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Are referrals to hospital from out-of-hours primary care associated with National Early Warning Scores?
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  • Published on:
    NEWS used without clinical judgement is of limited value
    • Alison Tavare, GP and Primary Care Clinical Lead West of England Academic Health Science Network
    • Other Contributors:
      • Anne Pullyblank, Medical Director and Consultant Surgeon
      • Matthew Inada Kim, Consultant Acute Physician and National Clinical Lead for Deterioration, Specialist Advisor for Sepsis
      • Hein Le Roux, GP and Clinical Associate
      • Emma Redfern, Associate Clinical Director Patient Safety, Consultant in Emergency Medicine, Deputy Medical Director
      • Lauren J Scott, Senior Research Associate

    Finnikin and colleagues describe a large data set of retrospectively calculated National Early Warning Scores (NEWS) in a system that was not using or responding to NEWS. Understanding the relationship between NEWS and referral practices is an important area of research which could help shed some light on the impact of introducing NEWS into primary care.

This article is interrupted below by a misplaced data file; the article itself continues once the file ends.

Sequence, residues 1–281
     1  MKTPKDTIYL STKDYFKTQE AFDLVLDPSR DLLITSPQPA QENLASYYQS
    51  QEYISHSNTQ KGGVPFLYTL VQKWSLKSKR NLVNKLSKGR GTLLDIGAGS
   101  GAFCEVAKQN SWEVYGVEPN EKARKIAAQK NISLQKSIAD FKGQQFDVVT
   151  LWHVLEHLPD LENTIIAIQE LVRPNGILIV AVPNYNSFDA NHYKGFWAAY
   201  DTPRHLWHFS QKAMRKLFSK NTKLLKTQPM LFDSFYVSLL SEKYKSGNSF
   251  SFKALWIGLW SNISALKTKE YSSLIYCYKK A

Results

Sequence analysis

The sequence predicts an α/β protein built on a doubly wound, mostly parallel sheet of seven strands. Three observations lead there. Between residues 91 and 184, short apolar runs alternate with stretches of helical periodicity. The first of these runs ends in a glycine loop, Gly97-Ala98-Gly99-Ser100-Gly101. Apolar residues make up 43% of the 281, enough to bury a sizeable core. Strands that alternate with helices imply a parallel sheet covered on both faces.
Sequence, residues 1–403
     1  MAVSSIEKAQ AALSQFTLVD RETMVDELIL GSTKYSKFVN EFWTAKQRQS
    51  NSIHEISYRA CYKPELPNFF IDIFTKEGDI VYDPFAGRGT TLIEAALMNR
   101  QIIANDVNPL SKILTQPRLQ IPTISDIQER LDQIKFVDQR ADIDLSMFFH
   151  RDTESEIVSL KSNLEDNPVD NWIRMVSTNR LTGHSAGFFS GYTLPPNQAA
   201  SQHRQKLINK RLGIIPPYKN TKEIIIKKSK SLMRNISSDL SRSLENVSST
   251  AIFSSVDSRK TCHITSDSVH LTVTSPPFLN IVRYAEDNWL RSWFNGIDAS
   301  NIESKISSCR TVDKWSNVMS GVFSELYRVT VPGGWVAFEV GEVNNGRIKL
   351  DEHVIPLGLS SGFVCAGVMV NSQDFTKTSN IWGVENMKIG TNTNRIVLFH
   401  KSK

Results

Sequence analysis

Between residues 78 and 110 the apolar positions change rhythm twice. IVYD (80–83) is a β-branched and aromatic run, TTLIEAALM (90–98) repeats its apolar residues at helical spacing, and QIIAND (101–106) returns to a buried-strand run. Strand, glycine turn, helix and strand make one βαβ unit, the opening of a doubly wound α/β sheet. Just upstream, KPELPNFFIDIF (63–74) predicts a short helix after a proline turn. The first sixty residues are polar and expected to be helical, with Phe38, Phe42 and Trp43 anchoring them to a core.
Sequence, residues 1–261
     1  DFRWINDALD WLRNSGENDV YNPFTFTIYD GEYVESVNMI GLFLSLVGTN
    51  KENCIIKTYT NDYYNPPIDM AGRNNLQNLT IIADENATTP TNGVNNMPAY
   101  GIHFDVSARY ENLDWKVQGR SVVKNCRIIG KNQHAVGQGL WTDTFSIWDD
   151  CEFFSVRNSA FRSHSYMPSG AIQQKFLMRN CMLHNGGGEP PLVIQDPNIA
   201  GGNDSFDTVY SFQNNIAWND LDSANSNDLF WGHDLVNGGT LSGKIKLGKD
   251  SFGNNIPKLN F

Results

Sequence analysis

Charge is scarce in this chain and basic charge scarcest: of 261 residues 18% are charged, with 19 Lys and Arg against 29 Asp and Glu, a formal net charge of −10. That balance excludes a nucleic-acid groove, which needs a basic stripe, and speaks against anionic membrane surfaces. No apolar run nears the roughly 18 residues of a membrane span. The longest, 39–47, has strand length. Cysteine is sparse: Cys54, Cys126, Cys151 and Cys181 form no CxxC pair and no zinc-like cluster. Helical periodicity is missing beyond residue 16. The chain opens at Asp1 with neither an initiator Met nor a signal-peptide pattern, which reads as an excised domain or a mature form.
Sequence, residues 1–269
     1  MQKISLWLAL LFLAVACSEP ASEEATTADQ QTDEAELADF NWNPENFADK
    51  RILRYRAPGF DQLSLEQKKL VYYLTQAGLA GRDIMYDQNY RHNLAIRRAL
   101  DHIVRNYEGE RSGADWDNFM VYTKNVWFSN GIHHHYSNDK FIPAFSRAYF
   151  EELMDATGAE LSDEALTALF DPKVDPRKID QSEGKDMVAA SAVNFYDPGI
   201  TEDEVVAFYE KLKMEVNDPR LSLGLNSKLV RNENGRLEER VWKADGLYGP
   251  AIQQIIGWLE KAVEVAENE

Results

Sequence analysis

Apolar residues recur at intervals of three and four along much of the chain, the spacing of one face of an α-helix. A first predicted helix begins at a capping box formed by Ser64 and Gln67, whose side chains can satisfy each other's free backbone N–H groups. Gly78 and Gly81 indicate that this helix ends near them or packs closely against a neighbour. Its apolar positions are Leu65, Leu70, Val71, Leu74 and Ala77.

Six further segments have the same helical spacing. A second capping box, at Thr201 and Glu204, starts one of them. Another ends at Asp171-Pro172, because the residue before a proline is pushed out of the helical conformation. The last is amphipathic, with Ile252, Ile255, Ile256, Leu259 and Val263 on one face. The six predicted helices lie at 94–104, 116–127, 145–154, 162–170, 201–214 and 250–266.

The first important point is that only 31% (74,992/242,451) of patients who had face-to-face encounters had a full set of observations and the clinical characteristics of the 69% excluded from the study are unknown. In our experience, GPs tend to perform a full set of observations on patients who appear more unwell so it is possible that the population studied may not be representative.

    Finnikin and colleagues found that only 6.9% of patients referred to hospital had a NEWS≥5 and 69% with a NEWS ≥5 were not referred. There is emerging evidence that NEWS calculated by GPs at referral correlates with mortality (data from West of England accepted for publication) so the fact that it did not correlate with referral is of concern. Scott et al in the West of England (1, 2) and Inada Kim et al in Wessex (unpublished data) have demonstrated that the higher the NEWS on referral or arrival, the more likely the patient is to be admitted and the more likely the patient is to die.

    The lack of linkage to any outcomes is a major weakness of this work. While an increase in admissions of 16.2% is not ideal in an alr...

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    Conflict of Interest:
    None declared.